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What next!

August 28, 2009

MichaelSSmithII

By Michael S. Smith II, SCHotline Contributing Editor

Mr. Smith is executive editor of The Ethical Standard, a publication produced by The Free Enterprise Foundation, a think tank housed in Charleston, S.C. at The Citadel (www.free-enterprise-foundation.org).

Writing his book Diplomacy, Henry Kissinger asserted nuance is the essence of statesmanship. If there is much truth to this maxim, President Obama and members of his administration are writing their roles in history as anything but those of statesmen.

Responding to a request issued by Attorney General Eric Holder, on August 24 CIA declassified portions of an Inspector General’s Special Review published in May of 2004. Titled “Counterterrorism Detention and Interrogation Activities: September 2001 – August 2003,” this report will serve as the first piece of publicly disclosed discovery materials in the Department of Justice’s special investigation of alleged abuses perpetrated by CIA interrogators against suspected terrorists.

This news arrived shortly after the Obama administration made public plans hatched by CIA to create a program that would have targeted high-level terrorists for assassination. As if Americans expected anything less from “the company” following 9/11!

Clearly the administration is trying to cast intelligence officers who worked to protect America after 9/11 in the same light as the terrorists who they were working to glean information from in order to prevent future “man made” catastrophic events from occurring at home and abroad.

One has to ask: Have members of Obama’s team lost their minds? Seriously: This is nucking futs!

Yes, there are sections contained in the report which highlight the trepidations expressed by several interrogators, trepidations regarding how their activities may be construed by any prospective future investigations into their handiwork — investigations like the one being opened by Eric Holder. There is even a portion of the report which suggests the uses of enhanced interrogation techniques like waterboarding are perhaps an affront to America’s stated positions on human rights, and that such is particularly problematic when taking into account the U.S. Department of State’s public condemnations of similar tactics commonly used by other countries.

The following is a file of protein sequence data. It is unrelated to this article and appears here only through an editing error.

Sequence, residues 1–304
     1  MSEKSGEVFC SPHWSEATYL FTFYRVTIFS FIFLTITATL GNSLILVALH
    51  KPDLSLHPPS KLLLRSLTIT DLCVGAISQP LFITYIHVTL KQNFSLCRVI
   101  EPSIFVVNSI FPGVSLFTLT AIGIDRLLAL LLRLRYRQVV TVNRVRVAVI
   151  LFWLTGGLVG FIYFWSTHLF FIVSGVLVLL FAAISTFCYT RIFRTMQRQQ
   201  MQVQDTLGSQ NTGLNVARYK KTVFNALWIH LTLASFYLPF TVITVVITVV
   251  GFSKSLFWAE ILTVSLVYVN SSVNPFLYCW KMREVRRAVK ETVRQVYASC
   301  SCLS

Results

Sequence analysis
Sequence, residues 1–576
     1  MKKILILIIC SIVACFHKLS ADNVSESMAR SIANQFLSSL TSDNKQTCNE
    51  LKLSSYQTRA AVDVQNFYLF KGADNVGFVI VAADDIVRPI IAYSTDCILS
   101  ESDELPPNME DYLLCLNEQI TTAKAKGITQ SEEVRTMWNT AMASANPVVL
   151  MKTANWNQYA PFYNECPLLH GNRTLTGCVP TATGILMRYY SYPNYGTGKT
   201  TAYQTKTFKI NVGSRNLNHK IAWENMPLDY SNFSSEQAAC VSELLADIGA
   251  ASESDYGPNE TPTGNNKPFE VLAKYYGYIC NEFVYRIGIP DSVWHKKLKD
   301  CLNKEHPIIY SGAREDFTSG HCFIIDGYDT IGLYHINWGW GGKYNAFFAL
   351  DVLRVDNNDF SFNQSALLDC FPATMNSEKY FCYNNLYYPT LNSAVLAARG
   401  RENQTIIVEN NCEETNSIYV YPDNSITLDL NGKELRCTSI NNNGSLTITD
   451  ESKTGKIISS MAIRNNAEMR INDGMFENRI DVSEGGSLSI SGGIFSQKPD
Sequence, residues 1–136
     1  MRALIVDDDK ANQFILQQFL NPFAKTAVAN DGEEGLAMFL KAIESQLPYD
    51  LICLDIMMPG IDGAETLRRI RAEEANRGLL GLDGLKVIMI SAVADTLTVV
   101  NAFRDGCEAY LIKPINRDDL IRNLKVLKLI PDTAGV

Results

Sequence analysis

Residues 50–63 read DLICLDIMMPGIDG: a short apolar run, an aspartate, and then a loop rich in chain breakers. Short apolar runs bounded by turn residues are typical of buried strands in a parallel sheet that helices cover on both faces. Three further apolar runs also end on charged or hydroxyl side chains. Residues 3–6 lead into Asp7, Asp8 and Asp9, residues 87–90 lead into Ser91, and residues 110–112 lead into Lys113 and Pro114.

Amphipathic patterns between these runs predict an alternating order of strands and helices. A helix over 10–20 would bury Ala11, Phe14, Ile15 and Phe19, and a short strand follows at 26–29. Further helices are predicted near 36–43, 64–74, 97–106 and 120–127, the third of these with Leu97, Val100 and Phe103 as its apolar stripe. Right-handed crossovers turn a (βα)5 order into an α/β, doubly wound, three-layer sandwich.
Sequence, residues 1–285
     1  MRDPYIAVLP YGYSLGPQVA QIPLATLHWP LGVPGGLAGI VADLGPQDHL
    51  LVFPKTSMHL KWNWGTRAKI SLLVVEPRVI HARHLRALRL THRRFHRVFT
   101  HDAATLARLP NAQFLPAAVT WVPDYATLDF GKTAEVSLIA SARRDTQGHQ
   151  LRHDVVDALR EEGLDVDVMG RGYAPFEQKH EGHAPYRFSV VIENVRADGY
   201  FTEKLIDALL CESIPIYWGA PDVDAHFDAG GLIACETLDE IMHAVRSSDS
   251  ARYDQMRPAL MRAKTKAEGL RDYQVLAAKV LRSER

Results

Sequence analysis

Still, the results speak for themselves, and America cannot afford for CIA to slide back into the risk-averse spell it fell under during the Clinton-era (i.e. the period when Osama bin Laden’s network prepared to unleash the deadliest terrorist attack in the history of the world).

In fact, located on pages 86-89, Sections 214-218 outline various details of how the uses enhanced interrogation techniques have yielded significant gains for intelligence officers leading our fight against bin Laden’s network.

According to those sections of the report:

“Between 9/11 and the end of April 2003, the Agency produced over 3,000 intelligence reports from detainees. Most of the reports came from intelligence provided by the high value detainees …

“Detainees have provided information on Al-Qa’ida and other terrorist groups. Information of note includes: the modus operandi of Al-Qa’ida, … terrorists who are capable of mounting attacks in the United States …

“Detainees, both planners and operatives, have also made the Agency aware of several plots planned for the United States and around the world.”

In section 216, one finds the following shocking piece of history: “Detainee information has assisted in the identification of terrorists. For example, information from Abu Zubaydah helped lead to the identification of Jose Padilla and Binyarn Muhammed — operatives who had plans to detonate a uranium-topped dirty bomb in either Washington, D.C., or New York City.”

After reading the report I cannot help but suggest President Obama seems to be developing a nasty proclivity for self-sabotaging politically motivated decisions. As William Murchison of Real Clear Politics recently wrote of the matter, “Around the presidential neck, this spectacular blunder will dangle, albatross-like — long after Obama starts to wish he’d never heard of the CIA or, for that matter, the left of the left of the left.”

It is time for the Obama administration to remove its utterly unethical and petty pursuits of partisan political gains from its (mis)management of organizations which operate at the center of the American foreign policy process. The impacts of this new investigation will reverberate across our entire defense sector, and the fallout will be disastrous for morale at every level of every agency and organization part of that sector.

Targeting intelligence officers who have kept America safe from terrorist attacks since 9/11 with lawsuits will prove even more costly for our country than the administration’s profligate social programs agenda.

What next!

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Sponsored by Sewell Consultancy — “Do more with less.”

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2 Comments leave one →
  1. CIA permalink
    August 29, 2009 5:32 AM

    Michael, I enjoy your editorials but are you stupid?

    One day an SCHotline story is written “yy Michael Smith II.”

    Another is entitled “What next!” Note the exclamation point as opposed to the more appropriate question mark.

    Again, I like THE CONTENT of your editorials… but why not proof-read first?

  2. August 31, 2009 2:30 PM

    The exclamation point was not an (copy) editorial oversight — it replaced the question mark traditionally used to conclude an interrogative sentence to emphasize the rhetorical nature of the (exclamatory) remark, and to, of course, catch one’s attention.

    Regards,

    Michael S. Smith II

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